Like most things in life, not all ‘English languages’ were born equal. Surely, the Queen’s English - that is the English spoken by the upper echelons of society would presumably be coming in at No. 1 and Irish English would be down somewhere among the metaphorical equivalent of the third deck on the Titanic (there were a few Americans down on that deck too).

I was recently recorded for an interview at work and I had the displeasure of listening to myself back, between the cringing I realised my accent had become an unidentifiable mid-Atlantic twang that very loosely followed the rhythmic inflections of a Northern Irish accent.

Over the past few years, more and more people quizzically look at me and say, ‘Where are you from anyway?” after I’ve been speaking. To which I respond, ‘Northern Ireland’ and nine times out of ten they will always say ‘You don’t have the accent’. To which I take umbrage, because as human beings surely our accent is our external trademark of our homeplace. I then began to question what had happened my accent, was I one of those impressionable people who begins to emulate the accent of those around them - had I become one of those characterless souls whom you can’t place on a map?

Sidenote: For people who speak multiple languages, I completely understand you have to change accents according to your language and being accentless in English would actually be a sign of your proficiency. However, as an unfortunate mono-lingual person like myself speaking my native language, I don’t really have any excuse.

The Northern Irish brogue can be considered ‘harsh’ in some regions, some people find it endearing other people want to burst their ear drums. When non-Irish people meet my dad, they genuinely ask me if he is speaking English, to which I confirm yes – they always look sceptical. Like anything it comes in various shapes and sizes and whilst we would all like to have the dulcet tones of Liam Neeson, the ‘sexiest voice’ to ever come out of NI - I can assure you no one else from Ballymena (Liam’s homeplace) sounds like him.

In any case, I find myself constantly explaining my accent to people when they confusingly ask me what happened? I assure them that when I go home ‘It comes back’, it takes a few days of being back in the fold before the ayes (yes), naws (no) and the awks (sound of sympathy or disappointment) comes back, but they inevitably do! I find myself using aye, wee (small), murrr (mirror) and shar (shower) just as much as the next guy.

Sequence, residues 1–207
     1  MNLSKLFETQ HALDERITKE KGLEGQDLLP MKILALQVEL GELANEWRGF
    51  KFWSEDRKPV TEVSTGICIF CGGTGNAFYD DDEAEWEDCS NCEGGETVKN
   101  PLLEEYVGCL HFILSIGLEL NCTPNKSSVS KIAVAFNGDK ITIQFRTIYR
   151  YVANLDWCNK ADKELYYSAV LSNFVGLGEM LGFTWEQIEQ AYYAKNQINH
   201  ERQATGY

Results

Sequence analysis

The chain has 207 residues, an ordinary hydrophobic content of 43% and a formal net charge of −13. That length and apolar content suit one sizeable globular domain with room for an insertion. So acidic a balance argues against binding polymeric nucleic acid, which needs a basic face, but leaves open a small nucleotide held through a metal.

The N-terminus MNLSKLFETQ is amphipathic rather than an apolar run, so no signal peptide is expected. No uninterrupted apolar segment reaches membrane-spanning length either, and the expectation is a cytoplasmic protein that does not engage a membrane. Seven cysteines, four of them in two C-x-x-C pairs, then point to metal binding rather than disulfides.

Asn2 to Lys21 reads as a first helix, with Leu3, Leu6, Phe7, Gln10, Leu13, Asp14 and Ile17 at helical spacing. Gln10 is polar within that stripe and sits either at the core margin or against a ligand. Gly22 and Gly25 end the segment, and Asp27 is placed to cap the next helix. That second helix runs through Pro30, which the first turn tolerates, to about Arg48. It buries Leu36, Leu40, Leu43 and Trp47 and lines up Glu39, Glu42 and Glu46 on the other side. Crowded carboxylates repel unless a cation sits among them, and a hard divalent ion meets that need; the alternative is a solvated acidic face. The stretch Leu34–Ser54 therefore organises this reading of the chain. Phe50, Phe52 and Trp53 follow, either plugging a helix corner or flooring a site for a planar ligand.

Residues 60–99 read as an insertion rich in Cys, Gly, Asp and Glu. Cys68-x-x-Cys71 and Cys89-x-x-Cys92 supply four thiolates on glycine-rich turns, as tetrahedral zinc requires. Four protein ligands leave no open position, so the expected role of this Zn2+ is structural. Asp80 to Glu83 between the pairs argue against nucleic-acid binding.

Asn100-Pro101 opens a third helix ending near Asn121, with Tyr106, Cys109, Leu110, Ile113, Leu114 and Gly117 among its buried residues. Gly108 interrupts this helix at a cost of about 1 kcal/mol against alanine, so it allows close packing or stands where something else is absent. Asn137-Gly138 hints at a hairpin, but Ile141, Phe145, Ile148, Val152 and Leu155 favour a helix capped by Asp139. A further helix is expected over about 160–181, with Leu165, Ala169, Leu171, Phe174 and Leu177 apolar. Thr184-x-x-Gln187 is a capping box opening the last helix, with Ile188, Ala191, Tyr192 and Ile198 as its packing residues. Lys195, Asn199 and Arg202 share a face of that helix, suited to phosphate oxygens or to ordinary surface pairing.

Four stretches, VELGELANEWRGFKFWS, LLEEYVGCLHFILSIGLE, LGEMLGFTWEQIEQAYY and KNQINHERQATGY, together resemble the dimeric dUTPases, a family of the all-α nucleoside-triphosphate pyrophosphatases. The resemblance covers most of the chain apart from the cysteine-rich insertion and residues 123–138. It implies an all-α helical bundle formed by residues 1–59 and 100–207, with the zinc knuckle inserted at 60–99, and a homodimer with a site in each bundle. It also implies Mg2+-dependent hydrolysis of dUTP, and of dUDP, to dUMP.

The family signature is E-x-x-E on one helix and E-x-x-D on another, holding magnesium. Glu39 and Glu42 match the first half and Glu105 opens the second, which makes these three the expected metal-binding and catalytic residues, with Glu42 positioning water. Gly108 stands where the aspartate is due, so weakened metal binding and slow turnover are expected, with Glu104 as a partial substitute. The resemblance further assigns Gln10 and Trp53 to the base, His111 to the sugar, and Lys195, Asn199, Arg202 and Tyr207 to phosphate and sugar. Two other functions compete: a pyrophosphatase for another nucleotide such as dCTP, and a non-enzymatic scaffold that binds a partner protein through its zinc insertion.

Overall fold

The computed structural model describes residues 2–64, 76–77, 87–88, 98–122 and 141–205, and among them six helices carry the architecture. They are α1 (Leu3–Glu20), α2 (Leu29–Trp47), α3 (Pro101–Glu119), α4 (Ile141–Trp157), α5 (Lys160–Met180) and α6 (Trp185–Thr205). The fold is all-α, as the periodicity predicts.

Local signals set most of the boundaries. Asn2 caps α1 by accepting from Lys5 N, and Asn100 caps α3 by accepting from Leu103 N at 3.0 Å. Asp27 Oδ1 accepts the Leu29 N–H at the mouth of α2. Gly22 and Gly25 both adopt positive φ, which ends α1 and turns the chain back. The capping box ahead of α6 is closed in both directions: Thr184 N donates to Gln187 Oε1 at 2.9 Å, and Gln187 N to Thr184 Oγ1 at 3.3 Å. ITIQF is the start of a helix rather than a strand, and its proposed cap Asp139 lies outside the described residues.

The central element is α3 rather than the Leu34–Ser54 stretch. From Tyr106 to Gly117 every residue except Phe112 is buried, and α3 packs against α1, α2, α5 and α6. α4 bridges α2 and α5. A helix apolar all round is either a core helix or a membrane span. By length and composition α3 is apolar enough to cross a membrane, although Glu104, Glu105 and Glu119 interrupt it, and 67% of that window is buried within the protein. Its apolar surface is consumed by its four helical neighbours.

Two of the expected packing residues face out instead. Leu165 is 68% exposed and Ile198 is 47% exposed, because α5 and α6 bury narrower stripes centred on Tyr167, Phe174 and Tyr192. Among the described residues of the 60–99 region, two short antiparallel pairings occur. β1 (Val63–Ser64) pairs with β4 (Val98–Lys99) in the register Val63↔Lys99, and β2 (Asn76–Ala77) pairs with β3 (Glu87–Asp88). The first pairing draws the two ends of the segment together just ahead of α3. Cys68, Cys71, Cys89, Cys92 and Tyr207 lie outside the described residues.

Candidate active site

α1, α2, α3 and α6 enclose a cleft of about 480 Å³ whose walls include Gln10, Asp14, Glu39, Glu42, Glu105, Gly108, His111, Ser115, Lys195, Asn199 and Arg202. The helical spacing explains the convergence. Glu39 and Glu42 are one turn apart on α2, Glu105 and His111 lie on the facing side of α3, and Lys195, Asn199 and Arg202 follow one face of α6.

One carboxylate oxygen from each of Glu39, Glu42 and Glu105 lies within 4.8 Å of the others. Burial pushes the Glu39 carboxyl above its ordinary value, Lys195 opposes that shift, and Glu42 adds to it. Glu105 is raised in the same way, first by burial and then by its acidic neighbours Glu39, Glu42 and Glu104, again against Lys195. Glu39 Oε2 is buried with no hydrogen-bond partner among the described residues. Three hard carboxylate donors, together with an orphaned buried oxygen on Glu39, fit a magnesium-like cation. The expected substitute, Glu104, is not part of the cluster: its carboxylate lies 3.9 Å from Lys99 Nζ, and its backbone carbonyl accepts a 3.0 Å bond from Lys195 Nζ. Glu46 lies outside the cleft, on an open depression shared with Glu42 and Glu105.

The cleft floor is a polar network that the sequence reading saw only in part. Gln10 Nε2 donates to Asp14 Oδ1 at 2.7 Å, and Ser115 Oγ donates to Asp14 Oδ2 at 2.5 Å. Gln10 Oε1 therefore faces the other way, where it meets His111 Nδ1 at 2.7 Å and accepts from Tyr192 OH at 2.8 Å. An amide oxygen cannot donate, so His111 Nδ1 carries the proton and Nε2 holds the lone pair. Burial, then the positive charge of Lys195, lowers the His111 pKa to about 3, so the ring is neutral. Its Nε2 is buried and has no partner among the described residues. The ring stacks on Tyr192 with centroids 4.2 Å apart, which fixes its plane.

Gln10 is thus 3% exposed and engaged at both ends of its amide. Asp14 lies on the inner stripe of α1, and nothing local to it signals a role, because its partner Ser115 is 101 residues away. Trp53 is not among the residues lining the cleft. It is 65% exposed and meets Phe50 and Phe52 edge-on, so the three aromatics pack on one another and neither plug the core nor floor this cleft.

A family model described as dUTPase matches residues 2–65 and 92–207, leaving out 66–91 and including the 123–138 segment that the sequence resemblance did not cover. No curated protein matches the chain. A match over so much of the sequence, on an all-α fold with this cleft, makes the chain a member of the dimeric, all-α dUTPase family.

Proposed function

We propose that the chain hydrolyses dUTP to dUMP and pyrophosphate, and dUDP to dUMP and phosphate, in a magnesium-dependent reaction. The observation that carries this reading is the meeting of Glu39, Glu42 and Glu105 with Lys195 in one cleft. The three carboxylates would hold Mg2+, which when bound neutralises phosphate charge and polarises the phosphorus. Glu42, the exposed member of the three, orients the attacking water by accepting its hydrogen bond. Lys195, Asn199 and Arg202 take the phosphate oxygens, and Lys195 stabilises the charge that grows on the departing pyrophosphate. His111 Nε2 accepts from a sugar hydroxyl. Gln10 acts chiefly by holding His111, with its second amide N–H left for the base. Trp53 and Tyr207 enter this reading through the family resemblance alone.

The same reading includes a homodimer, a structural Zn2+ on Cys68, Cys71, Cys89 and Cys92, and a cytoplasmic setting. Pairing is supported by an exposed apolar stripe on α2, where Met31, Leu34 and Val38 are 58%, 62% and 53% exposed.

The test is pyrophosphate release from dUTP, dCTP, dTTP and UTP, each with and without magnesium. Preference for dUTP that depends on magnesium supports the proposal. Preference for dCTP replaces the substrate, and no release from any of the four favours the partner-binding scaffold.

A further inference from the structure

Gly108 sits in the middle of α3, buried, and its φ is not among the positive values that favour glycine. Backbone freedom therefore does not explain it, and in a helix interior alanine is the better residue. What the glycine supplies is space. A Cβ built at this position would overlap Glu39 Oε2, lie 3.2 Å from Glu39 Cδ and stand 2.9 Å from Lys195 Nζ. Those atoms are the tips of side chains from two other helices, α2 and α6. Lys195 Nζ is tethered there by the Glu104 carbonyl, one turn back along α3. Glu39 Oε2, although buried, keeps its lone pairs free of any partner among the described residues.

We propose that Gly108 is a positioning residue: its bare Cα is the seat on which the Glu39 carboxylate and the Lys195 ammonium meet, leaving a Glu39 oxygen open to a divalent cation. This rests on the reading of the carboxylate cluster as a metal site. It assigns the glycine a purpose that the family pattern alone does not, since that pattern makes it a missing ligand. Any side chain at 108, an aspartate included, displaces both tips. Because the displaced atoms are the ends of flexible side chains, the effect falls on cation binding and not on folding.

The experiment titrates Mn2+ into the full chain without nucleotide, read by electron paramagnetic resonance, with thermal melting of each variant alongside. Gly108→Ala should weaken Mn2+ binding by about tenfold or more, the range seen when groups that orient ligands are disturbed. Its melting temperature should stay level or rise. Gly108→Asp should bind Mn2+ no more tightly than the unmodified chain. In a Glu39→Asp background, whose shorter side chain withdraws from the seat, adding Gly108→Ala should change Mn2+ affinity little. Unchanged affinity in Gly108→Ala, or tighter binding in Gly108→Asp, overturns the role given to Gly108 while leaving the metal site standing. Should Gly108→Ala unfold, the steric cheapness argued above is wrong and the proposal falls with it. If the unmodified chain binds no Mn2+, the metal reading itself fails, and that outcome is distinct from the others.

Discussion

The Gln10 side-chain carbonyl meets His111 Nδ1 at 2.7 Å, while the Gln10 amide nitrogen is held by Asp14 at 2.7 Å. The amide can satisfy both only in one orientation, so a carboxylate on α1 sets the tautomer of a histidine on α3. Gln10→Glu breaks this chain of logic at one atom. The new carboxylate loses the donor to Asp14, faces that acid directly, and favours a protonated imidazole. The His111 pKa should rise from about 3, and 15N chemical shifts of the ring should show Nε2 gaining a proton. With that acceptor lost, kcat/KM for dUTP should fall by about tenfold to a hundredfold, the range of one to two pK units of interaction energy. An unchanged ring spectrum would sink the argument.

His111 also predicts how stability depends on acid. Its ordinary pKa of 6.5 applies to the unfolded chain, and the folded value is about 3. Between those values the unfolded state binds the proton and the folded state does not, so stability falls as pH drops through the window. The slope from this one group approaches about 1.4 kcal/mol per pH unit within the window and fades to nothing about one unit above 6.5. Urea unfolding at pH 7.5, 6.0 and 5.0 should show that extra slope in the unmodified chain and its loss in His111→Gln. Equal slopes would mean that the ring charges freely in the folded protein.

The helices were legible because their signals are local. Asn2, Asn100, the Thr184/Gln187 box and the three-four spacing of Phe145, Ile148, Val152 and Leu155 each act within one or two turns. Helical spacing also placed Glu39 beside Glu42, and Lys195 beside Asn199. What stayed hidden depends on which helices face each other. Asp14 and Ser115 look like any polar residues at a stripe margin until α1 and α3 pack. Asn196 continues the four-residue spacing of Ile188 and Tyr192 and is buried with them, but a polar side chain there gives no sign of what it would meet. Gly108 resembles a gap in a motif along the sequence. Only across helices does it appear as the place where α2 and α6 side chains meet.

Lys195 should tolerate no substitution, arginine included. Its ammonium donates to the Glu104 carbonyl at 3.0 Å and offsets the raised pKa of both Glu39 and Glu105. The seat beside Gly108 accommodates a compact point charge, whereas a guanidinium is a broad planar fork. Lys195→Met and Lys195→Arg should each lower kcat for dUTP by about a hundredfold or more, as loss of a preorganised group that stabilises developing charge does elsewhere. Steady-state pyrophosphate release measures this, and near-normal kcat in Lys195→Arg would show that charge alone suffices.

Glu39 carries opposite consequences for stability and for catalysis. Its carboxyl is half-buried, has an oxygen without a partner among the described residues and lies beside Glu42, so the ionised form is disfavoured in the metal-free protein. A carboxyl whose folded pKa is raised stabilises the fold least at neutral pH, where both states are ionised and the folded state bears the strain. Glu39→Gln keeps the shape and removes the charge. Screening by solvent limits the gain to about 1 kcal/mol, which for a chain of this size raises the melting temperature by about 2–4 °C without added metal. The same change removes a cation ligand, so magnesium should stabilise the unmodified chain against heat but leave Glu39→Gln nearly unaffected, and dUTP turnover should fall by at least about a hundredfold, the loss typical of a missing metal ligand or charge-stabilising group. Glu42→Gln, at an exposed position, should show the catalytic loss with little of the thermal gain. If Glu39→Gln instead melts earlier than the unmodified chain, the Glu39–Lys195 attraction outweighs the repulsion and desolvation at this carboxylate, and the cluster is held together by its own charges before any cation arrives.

Upon touchdown in Luxembourg for some reason these colloquialisms just physically will not come out of my mouth - I suppose I consciously restricted myself when living abroad to be easily understood and now it has become second-nature, which is kind of sad. This BBC article about anglophones having to relearn English to be understood internationally, made me feel better about that fact. In any case, I’m actively trying to use more of my Irish lexicon here in Lux so as to show the world that I’m not some unidentifiable accent somewhere lost in the Atlantic Ocean.

I did a spot of linguistic research on the subject -  by ‘research’ I mean typing it into google. Why do we change our accents to suit our surroundings, is it pretentious or is just a psychological process? Apparently, it stems from an impulse to adapt to your surroundings, mixed in with other factors like social identity and social class, but it seems to primarily be the need to adapt. Over time, we unwittingly start to mimic those around us and adopt their expressions and tones of voice. Particularly if you are in a relationship with someone from a different nationality, you can really start to notice the change slowly but surely.Yet, according to research, this has nothing to with feeling insecure rather a deep subconscious human desire to fit in.

On the other flipside of the coin when I meet a person who has been living abroad for 20/30 years and they haven’t lost their accent one bit, I am utterly impressed, they cling on to their linguistic trademarks whether they are understood or not. Why some of us stick steadfast to our accents our whole lives and others (like me) who are so impressionable we become this kind of melting-pot of every country we ever visited, I do not know…

Have you lost your accent or changed the way you speak since moving to Luxembourg?

Let us know in the comments!


Christelle McKillen works in communications for RTL Group and in her spare time writes about expat life, like many a millennial she considers herself a budding Instagram aficionado @girlinluxembourg